Showing no signs of slowing down, sales of personal computers to U.S. businesses grew by 16 percent during the fourth quarter of 1997, according to a study by market researcher Computer Intelligence.
The study's findings, based on more than 5,000 monthly telephone calls to U.S. businesses, are significant since workplace sales are considered a bellwether for the PC industry.
"The corporate market in the U.S. has been the driving force of PC sales really since the inception of the market," said Matt Sargent, an analyst at Computer Intelligence. "I can't think of any company that is doing well that is not strong in the workplace market."
According to the study, December's purchase index grew by 15 percent compared to the same month in 1996. While the index was down slightly from November 1997, workplace sales growth is expected to continue. Sargent noted that the 16 percent growth for the quarter was "a little higher than previous growth."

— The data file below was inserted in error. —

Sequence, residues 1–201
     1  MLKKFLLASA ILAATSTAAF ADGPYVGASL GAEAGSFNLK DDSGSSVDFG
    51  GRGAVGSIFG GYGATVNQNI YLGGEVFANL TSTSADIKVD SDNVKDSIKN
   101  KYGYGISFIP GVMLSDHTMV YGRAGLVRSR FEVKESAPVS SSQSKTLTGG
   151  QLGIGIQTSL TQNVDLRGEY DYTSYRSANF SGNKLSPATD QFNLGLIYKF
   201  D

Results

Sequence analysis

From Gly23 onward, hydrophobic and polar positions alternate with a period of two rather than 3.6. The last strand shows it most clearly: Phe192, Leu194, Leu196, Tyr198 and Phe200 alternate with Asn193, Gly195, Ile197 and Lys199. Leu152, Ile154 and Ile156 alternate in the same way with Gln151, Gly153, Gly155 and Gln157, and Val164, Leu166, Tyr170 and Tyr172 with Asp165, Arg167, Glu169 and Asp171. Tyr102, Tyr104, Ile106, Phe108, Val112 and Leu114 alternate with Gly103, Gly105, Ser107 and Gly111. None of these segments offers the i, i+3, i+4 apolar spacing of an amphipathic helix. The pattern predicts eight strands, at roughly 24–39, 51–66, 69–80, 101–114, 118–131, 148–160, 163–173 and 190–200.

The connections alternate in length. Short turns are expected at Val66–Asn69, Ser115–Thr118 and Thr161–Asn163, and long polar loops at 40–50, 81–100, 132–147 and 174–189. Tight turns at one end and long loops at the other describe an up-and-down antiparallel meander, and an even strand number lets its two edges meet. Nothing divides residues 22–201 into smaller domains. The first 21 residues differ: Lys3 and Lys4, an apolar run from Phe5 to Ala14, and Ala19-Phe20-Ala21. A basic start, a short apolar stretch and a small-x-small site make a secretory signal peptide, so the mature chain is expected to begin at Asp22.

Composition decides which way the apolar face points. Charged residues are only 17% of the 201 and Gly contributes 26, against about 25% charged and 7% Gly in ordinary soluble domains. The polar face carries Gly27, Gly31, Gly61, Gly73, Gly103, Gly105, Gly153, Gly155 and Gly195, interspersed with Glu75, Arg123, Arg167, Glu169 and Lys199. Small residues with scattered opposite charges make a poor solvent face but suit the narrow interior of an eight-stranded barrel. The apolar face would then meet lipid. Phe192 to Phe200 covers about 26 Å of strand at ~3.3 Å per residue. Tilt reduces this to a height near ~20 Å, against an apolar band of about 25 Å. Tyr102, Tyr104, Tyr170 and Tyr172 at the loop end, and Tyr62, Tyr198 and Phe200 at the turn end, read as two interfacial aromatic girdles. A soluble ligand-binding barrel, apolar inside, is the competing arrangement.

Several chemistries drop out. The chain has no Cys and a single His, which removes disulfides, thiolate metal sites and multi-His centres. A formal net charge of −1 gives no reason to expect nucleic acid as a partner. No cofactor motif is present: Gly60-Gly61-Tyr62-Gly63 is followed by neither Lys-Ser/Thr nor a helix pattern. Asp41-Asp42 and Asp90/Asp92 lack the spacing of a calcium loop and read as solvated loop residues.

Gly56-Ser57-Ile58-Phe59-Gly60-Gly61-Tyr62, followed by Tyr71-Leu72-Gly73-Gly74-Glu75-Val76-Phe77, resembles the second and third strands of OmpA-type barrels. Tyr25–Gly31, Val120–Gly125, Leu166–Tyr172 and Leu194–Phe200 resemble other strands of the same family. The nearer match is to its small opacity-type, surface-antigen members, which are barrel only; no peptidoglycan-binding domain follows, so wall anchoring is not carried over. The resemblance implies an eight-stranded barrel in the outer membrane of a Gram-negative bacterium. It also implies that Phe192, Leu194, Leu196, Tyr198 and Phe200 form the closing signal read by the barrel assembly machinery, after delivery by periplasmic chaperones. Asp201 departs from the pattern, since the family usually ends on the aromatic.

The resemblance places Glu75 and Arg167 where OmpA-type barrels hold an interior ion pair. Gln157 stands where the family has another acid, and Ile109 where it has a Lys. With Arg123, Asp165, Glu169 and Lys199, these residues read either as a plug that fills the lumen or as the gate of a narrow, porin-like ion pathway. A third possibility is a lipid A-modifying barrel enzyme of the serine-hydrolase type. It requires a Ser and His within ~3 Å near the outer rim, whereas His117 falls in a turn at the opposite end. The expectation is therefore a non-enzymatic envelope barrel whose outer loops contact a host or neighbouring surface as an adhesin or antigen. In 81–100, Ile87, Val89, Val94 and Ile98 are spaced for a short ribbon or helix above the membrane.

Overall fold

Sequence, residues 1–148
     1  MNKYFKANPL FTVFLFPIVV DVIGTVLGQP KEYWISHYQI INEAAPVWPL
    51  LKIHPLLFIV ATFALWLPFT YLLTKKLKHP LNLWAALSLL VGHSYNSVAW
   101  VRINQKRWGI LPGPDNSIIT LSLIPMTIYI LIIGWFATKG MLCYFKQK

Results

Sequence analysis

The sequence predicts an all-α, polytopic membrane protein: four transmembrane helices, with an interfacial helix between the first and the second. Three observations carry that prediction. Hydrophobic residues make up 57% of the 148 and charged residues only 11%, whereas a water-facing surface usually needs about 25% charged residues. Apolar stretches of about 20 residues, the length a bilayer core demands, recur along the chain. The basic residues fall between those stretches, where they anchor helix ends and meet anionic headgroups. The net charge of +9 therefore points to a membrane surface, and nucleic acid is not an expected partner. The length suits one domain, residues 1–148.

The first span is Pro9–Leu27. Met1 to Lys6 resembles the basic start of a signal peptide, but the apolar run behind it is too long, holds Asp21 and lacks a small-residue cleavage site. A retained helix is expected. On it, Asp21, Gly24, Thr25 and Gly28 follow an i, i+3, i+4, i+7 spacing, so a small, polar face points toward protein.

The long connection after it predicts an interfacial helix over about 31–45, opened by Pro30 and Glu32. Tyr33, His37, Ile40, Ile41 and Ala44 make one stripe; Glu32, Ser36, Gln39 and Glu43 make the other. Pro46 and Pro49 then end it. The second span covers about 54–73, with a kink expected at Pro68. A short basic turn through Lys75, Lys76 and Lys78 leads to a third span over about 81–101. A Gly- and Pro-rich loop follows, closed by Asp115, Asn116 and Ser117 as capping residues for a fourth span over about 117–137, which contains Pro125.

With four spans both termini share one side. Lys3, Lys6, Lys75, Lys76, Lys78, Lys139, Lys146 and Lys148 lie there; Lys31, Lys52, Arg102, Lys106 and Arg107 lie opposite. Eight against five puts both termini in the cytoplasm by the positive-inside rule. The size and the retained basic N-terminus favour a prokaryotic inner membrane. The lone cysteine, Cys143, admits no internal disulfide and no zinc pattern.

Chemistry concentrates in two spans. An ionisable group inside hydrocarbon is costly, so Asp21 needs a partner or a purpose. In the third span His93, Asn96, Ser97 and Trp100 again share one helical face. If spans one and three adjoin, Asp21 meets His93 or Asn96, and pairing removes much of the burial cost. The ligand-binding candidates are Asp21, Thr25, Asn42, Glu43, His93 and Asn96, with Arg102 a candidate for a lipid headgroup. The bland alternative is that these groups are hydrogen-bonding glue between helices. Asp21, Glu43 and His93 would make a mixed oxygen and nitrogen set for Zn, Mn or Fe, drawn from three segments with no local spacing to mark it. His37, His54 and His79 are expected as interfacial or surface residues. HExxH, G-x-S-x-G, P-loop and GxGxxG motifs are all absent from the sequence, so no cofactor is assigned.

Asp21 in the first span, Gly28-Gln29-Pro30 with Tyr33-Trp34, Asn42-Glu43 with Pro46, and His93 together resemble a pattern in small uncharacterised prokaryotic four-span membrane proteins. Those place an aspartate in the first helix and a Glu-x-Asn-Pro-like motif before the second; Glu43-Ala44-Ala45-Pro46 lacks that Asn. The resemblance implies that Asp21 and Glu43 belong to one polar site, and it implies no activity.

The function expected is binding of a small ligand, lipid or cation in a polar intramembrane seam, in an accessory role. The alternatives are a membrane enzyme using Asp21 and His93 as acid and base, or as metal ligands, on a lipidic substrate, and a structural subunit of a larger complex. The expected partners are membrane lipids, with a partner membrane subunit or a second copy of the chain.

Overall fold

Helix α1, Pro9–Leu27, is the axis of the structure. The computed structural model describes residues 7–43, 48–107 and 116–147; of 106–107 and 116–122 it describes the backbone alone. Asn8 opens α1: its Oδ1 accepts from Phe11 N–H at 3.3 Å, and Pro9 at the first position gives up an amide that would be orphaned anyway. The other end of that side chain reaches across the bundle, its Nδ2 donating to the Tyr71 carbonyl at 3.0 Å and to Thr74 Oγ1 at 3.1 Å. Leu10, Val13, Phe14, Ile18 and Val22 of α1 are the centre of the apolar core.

PCs sold to businesses differ in a number of ways from those sold to homes. For one thing, they usually include peripherals devices such as networking cards that allow them to be plugged into corporate networks. They also tend to be faster than home systems. On the other hand, graphics capabilities and CD-ROM drives tend to be less important.
Like sales in the broader PC market, consolidation among vendors is stealing sales from smaller vendors, according to Computer Intelligence's report, which said that "The top five vendors have taken almost four [market] share points from the rest of the market this year."